Children, Lessons in Loss, Miscarriage, Self-care

Fog of Grief

Yesterday (31 January 2023) marked four years since baby boy3 made an unexpected and far too early exit from my body.

I’m not someone who dwells or wallows in the grief I feel for his loss. I acknowledge it, I’m honest about it with myself and with others. I don’t shy away from talking about him with my closest friends or referring to him with even acquaintances. I don’t and won’t pretend he didn’t happen. But I don’t rub my own or anyone else’s nose in our loss either.

Each year, I mark his loss and his due birthday (in June) with a longer or harder run than my regular routes offer. As I’m recovering still from flu in December, I didn’t even attempt a half marathon this year. Instead I ran on Friday, from school drop off, up our local big hill. Just 11km all in all, but very slow (1h37min) and with 295m of ascent. It was hard work and honestly, I walked a lot.

The weather was pretty unpromising when I set off, with fog and cloud in the valley and up the slopes. As I reached the real climbs, it was dense and quite cold. But I didn’t find the fog scary or disorienting, it was comforting somehow. That set me thinking that sometimes the fog of grief is like that too. It’s somewhere we can be peaceful, we can see only what we can see, we aren’t overwhelmed by all the other things off in the distance. We can take comfort as we take some time to just “be” in our grief. We can explore it, or not.

I know my grief, my loss. It’s just a part of my life and of who I am, who our family is. It’s another facet of me. It doesn’t mean that the rest of me isn’t there. The world still exists in the fog, but doesn’t intrude.

The fog of grief is comfortable, and comforting. It feels good to be aware of it, without being overcome by it.

As I ran on Friday, I climbed the hill and as I got higher, I came out of the fog and clouds and to the summit. There, I could see the layer of clouds below, but also the lighter skies and the beautiful views in the distance. Grief’s like that too. It’s not all close and enveloping. The rest of the world and life is still out there and grief doesn’t stop us seeing it’s beauty. Maybe even in grief we are more sensitive and appreciative of the positives in the rest of our lives.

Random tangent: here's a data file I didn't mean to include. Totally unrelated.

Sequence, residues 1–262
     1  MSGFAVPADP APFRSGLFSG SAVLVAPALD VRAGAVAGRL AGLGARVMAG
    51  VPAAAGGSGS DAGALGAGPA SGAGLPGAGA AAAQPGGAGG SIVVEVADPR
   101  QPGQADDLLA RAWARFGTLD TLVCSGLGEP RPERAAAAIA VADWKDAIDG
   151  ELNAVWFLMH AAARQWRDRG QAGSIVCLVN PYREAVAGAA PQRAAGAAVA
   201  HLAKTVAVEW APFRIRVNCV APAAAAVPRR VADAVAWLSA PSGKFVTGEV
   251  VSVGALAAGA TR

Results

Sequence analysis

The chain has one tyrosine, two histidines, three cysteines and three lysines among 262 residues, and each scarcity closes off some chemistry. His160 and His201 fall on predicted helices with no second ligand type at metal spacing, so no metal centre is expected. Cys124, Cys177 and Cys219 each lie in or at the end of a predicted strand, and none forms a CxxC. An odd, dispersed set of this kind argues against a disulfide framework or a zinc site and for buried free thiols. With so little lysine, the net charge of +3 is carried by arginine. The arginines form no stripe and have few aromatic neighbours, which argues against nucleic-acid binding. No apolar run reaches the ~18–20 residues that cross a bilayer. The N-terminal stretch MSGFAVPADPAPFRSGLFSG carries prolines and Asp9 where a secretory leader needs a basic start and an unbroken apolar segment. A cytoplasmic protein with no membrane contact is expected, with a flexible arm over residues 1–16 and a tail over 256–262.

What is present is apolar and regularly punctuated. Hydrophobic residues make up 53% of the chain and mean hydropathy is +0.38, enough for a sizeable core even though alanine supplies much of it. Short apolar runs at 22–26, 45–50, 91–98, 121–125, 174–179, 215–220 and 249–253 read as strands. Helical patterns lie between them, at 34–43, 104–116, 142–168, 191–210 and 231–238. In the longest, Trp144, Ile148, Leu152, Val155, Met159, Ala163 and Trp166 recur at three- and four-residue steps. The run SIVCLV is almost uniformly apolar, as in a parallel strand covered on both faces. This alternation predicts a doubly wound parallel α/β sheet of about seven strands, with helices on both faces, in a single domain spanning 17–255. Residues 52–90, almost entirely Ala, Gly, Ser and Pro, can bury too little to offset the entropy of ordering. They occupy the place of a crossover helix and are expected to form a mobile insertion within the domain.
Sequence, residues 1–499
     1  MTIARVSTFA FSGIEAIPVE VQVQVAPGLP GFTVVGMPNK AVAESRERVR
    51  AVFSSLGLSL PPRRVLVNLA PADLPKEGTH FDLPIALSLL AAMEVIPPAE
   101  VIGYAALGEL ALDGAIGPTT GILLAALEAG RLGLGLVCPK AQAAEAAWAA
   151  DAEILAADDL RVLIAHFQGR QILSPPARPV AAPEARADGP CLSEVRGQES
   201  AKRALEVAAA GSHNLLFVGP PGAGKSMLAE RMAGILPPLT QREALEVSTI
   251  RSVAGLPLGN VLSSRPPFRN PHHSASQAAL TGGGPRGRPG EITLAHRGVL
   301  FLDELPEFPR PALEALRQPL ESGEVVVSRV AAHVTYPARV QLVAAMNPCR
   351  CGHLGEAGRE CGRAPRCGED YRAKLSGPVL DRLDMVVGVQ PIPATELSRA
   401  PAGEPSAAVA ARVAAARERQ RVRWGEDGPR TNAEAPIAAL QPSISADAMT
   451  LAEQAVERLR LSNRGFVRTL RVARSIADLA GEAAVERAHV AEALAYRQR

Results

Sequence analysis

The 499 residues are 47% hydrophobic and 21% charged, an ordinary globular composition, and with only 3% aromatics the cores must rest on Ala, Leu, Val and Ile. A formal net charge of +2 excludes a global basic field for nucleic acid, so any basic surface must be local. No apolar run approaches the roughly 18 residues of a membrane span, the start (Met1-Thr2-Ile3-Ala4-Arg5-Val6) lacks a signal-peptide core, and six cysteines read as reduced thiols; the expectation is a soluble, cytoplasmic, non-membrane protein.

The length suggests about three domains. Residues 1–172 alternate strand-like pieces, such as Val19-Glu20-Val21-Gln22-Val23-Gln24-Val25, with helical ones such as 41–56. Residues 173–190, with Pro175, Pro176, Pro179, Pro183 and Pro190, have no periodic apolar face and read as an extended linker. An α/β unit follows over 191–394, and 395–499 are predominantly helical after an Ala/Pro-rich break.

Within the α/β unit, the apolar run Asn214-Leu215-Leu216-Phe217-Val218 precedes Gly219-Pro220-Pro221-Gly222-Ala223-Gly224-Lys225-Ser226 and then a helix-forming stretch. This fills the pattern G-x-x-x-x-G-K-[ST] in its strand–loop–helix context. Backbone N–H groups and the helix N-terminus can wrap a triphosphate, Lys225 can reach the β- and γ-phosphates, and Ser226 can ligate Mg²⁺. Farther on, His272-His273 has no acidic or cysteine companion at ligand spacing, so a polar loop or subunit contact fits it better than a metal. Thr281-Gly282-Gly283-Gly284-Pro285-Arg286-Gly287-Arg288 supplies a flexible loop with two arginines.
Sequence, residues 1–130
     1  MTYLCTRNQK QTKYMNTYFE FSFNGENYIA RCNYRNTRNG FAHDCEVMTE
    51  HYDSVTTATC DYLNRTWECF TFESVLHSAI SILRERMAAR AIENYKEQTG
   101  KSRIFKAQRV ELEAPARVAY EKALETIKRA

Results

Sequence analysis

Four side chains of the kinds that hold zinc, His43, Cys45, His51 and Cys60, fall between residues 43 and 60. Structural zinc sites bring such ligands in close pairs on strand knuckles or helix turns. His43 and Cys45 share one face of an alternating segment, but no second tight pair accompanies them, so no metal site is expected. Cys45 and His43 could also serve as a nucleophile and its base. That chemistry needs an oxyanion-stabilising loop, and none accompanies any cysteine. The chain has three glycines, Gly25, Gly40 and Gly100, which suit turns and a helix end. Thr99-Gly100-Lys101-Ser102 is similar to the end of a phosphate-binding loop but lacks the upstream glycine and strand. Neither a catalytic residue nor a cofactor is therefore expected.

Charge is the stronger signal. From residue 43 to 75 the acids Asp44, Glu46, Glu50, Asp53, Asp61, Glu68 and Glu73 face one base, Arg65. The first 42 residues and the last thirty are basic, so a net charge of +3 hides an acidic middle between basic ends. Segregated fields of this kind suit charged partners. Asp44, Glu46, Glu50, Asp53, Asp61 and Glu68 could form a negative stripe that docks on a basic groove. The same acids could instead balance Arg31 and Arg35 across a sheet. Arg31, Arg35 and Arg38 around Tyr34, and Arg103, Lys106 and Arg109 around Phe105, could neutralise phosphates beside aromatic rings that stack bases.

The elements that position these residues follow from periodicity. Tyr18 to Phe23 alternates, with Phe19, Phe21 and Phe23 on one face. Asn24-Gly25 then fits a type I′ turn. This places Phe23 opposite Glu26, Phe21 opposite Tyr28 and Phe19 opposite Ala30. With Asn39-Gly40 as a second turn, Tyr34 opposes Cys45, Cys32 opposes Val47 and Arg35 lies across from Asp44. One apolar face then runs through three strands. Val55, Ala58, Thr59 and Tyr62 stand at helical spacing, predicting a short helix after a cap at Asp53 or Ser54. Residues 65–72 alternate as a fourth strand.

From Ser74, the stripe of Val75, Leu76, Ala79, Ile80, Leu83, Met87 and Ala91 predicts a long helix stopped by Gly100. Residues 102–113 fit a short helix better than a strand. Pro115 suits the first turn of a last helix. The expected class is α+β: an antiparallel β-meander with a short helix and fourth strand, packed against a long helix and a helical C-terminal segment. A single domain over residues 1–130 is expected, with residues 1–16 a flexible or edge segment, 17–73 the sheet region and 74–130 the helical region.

There, those are my thoughts for this year. All that remains is for me to say, as always and forever, we love you baby boy3, we miss you and we wish you could have stayed to become a present member of our family.

Love from Smell xxx

29 thoughts on “Fog of Grief”

  1. Beautiful post and uplifting for those who have recently lost loved ones (among them adear friend of mine) to know the fog of grief occasionally clears.

    Liked by 1 person

  2. You’ve written this beautifully and I can see what you mean with the fog being comforting, how you can take time to just “be” with the grief and what it entails. Sending lots of love at such a difficult time 💙 xxxxx

    Liked by 1 person

  3. Sorry to hear you lost a baby. Lost some myself, early on. Love everything you said about fog and grief. I suddenly lost my momma last March and what you describe really sums up some things I’ve felt in the past 10 months. Beautiful writing.

    Liked by 2 people

      1. Thank you. What I really like about the fog/grief thing is it validates feeling however we feel in the grief journey and that it’s ok, wherever we are. The comfort of that space- just like the idea of that. Sometimes grief can feel like a thing to race through. I like the idea of getting through as is needed.

        Liked by 1 person

      2. My husband and I have grieved very differently. His gushed out right away while mine ebbs and flows. But being in different places in our grief doesn’t affect how we each feel or support the other. Even within a couple who’ve experienced the same thing, everyone goes their own way. I’m glad my words resonate for you, it’s nice for me too to know someone else shares the same feeling of comfort.

        Liked by 2 people

      3. Love what you said a bunch. How different paths in grief can still support another in grief. Love “goes there one way.” What instantly came to mind was the song ‘Go Your Own Way’ by Fleetwood Mac. Which the song may have different meaning, but you’ve inspired me to think of “goes their own way” especially through grief as a gift, really. I’m in my grief journey and those who love me meet me where I am, even if it’s not where they are. Thank you for that. 🌸

        Liked by 1 person

      4. It sure is. Hits home. Here I’ve felt ‘rushed’ to grieve correctly/quickly (some old idea I learned as a kid). But, really I see now that there is no rush. Man, that’s so freeing. ❤️

        Liked by 1 person

  4. This is so beautifully expressed, Smell. I’m so sorry for your loss. I imagine you’ll always wonder “what if”. Sadly, life doesn’t give us answers to those questions…just more questions. I’m grateful you’re part of our blogging community. Sending you a virtual hug.

    Liked by 1 person

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